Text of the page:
The law of demand states that the quantity demanded of a good shows an inverse relationship with the price of a good when other factors are held constant (cetris peribus). It means that as the price increases, demand decreases.
The law of demand is a fundamental principle in macroeconomics. It is used together with the law of supply to determine the efficient allocation of resources in an economy and find the optimal price and quantity of goods.
Graphical Representation of the Law of Demand
The law of demand is usually represented as a graph. The graphical representation of the law of demand is a curve that establishes the relationship between the quantity demanded and the price of a good.
The shape of the demand curve can vary among different types of goods. Most frequently, the demand curve shows a concave shape. However, in many economics textbooks, we can also see the demand curve as a straight line.
The demand curve is drawn against the quantity demanded on the x-axis and the price on the y-axis. The definition of the law of demand indicates that the demand curve is downward sloping.
It is important to distinguish the difference between the demand and the quantity demanded. The quantity demanded is the number of goods that the consumers are willing to buy at a given price point. On the other hand, the demand represents all the available relationships between the good’s prices and the quantity demanded.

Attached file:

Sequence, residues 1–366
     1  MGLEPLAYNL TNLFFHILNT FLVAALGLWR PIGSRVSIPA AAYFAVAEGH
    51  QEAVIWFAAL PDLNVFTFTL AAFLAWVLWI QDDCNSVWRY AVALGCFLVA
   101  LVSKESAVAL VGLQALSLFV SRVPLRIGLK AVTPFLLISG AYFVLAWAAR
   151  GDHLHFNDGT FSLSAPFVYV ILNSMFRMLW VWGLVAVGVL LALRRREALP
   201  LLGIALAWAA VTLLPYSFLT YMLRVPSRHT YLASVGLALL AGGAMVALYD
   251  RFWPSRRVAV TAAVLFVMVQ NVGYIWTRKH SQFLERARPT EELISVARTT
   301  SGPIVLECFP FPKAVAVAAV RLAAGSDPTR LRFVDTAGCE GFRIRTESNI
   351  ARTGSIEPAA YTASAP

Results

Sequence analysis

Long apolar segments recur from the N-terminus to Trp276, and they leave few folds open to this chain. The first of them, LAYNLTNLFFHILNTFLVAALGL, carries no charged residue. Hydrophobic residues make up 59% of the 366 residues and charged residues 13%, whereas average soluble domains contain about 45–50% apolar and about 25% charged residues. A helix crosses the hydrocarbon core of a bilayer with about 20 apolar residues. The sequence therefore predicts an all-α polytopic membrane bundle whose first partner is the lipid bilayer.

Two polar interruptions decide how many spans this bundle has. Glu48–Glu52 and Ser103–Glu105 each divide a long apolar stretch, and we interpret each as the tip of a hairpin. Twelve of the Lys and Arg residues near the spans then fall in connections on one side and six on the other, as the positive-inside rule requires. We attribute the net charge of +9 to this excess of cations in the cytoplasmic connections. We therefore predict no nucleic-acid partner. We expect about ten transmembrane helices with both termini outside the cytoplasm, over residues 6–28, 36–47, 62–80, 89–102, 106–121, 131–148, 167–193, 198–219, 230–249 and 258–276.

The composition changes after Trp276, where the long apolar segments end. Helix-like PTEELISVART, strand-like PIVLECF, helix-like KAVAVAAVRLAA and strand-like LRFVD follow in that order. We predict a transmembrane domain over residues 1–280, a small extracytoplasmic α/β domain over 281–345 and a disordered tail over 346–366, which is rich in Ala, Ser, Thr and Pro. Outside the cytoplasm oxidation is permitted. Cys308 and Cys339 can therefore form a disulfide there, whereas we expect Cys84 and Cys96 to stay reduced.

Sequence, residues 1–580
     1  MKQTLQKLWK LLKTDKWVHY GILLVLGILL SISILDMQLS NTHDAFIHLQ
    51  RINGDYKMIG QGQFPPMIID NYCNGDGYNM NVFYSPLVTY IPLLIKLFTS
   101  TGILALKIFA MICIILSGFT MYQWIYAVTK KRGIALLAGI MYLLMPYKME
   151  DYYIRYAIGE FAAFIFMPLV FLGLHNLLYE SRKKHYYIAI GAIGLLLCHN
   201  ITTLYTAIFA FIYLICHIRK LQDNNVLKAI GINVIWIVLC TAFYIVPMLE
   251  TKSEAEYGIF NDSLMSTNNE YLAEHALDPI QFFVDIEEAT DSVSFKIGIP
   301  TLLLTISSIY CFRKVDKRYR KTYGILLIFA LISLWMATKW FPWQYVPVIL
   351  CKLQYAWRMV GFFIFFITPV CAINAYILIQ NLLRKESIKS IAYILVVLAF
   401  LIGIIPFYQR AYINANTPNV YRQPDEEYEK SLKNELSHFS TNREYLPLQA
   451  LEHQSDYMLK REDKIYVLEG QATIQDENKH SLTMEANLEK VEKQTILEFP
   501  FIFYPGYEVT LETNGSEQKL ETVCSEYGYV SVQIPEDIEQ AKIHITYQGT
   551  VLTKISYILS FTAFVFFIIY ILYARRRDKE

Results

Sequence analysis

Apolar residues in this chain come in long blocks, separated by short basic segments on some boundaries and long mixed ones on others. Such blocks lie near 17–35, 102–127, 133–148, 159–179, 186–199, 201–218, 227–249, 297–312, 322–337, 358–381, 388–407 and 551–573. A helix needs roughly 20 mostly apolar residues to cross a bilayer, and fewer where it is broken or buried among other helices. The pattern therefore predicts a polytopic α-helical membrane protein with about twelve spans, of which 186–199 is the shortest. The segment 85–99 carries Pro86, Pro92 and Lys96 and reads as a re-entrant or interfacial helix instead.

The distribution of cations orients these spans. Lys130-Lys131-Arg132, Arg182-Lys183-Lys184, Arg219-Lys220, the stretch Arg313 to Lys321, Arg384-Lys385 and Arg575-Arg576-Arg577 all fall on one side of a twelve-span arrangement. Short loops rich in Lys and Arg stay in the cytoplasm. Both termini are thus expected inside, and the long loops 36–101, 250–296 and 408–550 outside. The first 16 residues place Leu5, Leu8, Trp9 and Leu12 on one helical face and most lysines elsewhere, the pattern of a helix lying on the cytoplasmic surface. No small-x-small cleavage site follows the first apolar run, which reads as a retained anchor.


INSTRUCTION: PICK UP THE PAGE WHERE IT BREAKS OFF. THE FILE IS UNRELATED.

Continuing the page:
Exceptions to the Law of Demand
Unlike the laws of mathematics or physics, the laws of economics are not universal. For example, the law of demand comes with a few exceptions. Some goods do not show an inverse relationship between the price and the quantity. Therefore, the demand curve for these goods is upward-sloping.
1. Giffen goods
These are inferior goods that lack close substitutes that represent a large portion of the consumer’s income. Scottish economist Sir Robert Giffen proposed the existence of such goods in the 19th century. Giffen goods violate the law of demand because the prices of these goods increase with the increase in the quantity demanded. However, Giffen goods remain mostly a theoretical concept as there is limited empirical evidence of their existence in the real world.
2. Veblen goods
Certain types of luxury goods violate the law of demand. Veblen goods are named after American economist Thorstein Veblen. Generally, they are luxury goods that indicate the economic and social status of the owner. Therefore, consumers are willing to consume Veblen goods even more when the price increases. Some examples of Veblen goods include luxury cars, expensive wines, and designer clothes.
The Law of Demand in the Real World
The law of demand comes with important applications in the real world. It is an economic principle that guides the actions of politicians and policymakers. The law of demand is quintessential for the fiscal and monetary policies that are undertaken by governments around the world. The policies generally intend to increase or decrease demand to influence the country’s economy.
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